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MB: You started out as a model, is that correct? What kind of modeling did you do?

Rufy Khan: Modeling was the perfect thing to start with. In modeling, acting stuff is less, and you keep learning from every small modeling shoot.  I was lucky to get started with modeling assignments, and within one year I had worked with almost every advertisement director and appeared in prominent TV commercial works alongside stars like Priyanka Chopra, Shah Rukh Khan, Kareena Kapoor, and Hema Malini.

 

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MB: You also have quite an athletic background, as can be seen in your show reel. What kind of athletics are you involved in?

Rufy Khan: I was in all type of sports in my academic life. I also played some sports till national level, like cricket and football. I was also involved with martial arts in my school and college days, and that helps me today to keep fit. Also, martial arts skills help you stand out from other actors because you have a skill to perform as an action character. Athletics and martial arts support you everywhere.

 

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MB: YUVVRAAJ, with its all-star cast, was a big boost to your career.

Rufy Khan: I was a beginner when I did YUVVRAAJ with super-star Salman Khan.  I played his stepbrother in that, and learnt a lot during the film shoots.

 

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MB: NAUTANKI SAALA was your break-out film. What was that experience like?

MB: It was a lifetime learning experience! Mr Rohan Sippy, who is the director of NAUTANKI SAALA, took 15 day workshops to all his actors for this film, and that workshop was a turning point for my career. I learned all the aspects of film making during those 15 days. That was the point where I started really thinking that I can try to direct my own film, and then WHO DIES…? happened, which is the award winning short film that I directed and acted in.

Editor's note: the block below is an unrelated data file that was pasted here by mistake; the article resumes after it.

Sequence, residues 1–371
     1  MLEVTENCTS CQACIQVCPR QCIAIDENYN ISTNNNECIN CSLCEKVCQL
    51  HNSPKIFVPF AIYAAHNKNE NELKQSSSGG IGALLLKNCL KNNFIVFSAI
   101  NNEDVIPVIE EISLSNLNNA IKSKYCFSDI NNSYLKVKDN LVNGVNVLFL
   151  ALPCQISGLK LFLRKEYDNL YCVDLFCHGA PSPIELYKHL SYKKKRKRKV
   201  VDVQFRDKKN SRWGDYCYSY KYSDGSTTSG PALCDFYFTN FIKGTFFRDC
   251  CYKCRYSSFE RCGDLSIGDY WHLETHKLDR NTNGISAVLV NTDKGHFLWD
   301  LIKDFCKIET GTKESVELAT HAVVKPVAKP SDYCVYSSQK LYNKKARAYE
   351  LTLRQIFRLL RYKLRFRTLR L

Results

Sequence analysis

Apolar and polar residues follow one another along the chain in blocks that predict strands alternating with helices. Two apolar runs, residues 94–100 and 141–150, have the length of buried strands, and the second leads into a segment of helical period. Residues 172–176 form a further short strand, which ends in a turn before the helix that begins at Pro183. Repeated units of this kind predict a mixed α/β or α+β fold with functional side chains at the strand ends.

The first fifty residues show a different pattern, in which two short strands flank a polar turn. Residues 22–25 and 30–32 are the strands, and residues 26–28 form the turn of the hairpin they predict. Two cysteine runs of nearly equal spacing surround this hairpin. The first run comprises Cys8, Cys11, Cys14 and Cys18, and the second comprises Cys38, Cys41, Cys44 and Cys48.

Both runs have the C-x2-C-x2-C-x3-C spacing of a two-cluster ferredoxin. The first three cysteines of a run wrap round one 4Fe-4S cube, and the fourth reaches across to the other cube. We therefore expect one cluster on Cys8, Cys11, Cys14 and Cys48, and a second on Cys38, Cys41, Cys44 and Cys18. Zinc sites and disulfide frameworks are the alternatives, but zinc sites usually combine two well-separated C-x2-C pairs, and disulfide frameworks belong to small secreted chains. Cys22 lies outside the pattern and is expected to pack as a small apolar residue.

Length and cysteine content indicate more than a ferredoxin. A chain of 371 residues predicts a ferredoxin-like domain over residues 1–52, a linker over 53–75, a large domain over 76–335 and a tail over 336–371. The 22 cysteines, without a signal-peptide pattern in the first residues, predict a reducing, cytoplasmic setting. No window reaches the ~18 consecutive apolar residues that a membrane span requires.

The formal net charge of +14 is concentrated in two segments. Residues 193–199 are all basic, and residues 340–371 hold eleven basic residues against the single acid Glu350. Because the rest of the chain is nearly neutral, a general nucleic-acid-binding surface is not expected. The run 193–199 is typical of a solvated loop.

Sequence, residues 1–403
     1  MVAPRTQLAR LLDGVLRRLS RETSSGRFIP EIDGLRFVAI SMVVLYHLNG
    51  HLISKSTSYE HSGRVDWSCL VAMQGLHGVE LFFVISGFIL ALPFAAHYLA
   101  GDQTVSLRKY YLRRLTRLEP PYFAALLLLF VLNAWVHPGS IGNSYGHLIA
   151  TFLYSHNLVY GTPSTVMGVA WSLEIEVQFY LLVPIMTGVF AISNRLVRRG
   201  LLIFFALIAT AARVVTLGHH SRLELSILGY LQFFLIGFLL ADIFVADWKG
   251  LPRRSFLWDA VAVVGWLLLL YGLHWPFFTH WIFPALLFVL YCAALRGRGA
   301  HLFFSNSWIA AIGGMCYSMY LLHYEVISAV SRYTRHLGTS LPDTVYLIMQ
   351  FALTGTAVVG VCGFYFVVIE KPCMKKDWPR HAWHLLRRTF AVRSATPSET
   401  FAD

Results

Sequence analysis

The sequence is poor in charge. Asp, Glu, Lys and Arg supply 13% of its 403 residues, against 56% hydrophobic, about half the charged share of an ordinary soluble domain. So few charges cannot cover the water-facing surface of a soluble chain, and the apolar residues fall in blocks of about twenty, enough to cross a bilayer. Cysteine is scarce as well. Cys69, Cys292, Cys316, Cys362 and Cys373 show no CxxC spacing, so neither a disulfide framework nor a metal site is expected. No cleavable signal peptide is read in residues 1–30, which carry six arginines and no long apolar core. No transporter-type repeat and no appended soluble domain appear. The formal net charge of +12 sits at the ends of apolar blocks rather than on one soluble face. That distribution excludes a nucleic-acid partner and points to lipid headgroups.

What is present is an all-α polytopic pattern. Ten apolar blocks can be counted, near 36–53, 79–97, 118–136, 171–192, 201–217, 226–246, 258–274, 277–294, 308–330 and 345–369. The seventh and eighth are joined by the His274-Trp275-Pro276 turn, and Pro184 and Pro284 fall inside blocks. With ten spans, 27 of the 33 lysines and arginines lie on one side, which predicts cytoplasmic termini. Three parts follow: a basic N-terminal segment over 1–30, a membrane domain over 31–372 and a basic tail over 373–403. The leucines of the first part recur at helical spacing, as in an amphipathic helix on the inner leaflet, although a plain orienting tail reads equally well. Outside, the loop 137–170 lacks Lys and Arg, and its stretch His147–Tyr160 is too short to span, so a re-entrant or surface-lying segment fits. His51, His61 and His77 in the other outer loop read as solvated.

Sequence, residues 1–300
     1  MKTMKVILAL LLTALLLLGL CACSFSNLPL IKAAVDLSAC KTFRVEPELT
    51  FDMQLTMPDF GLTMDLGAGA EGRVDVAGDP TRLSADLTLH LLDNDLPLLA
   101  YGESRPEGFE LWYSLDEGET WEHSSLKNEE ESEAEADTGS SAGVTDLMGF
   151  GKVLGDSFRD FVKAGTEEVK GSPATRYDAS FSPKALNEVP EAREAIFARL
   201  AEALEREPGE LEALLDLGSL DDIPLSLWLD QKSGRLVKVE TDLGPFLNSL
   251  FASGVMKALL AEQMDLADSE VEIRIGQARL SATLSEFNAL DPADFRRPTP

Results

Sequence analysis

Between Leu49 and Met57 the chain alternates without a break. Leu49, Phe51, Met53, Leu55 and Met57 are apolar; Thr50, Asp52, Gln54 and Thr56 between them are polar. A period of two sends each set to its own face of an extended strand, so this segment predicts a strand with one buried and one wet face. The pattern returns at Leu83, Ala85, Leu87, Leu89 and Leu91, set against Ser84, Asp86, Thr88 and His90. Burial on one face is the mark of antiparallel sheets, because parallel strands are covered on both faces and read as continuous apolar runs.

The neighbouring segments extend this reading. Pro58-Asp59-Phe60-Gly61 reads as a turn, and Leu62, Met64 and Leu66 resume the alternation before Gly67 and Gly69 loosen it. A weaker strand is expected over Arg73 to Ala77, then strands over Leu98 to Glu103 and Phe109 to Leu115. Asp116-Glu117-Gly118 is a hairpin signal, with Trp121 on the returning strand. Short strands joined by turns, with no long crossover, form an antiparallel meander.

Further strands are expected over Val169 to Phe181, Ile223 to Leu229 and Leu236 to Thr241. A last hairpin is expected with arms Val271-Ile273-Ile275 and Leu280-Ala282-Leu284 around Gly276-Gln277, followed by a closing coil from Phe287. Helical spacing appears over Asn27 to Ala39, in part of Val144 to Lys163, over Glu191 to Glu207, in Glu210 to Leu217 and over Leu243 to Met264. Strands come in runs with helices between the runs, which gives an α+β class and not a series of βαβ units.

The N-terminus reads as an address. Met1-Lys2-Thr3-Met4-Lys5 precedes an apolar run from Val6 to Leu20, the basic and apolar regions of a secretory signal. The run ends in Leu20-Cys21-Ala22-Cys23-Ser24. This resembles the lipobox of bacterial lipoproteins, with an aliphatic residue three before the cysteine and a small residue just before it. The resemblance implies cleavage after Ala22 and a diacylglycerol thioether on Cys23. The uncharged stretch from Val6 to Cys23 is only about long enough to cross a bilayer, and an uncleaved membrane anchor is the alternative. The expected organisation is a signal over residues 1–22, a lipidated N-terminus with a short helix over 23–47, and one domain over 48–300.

MB: Is there more pressure for an actor working on a big picture such as, say, YUVRAAJ or NAUTANKI SAALA, as opposed to working on a smaller budget film?

 

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Pooja Salvi, Ayushmann Khurana, and Rufy Khan in NAUTANKI SAALA

 

Rufy Khan: Yes, the pressure is to keep that trust which the director has shown on you. But once your director is convinced that you can deliver, then there is no pressure, then there is more fun. The director and other crew will be very supportive if you win them over through your acting skills

MB: DHARA 302 put your athleticism to very good use. Was it difficult to do such an action packed film?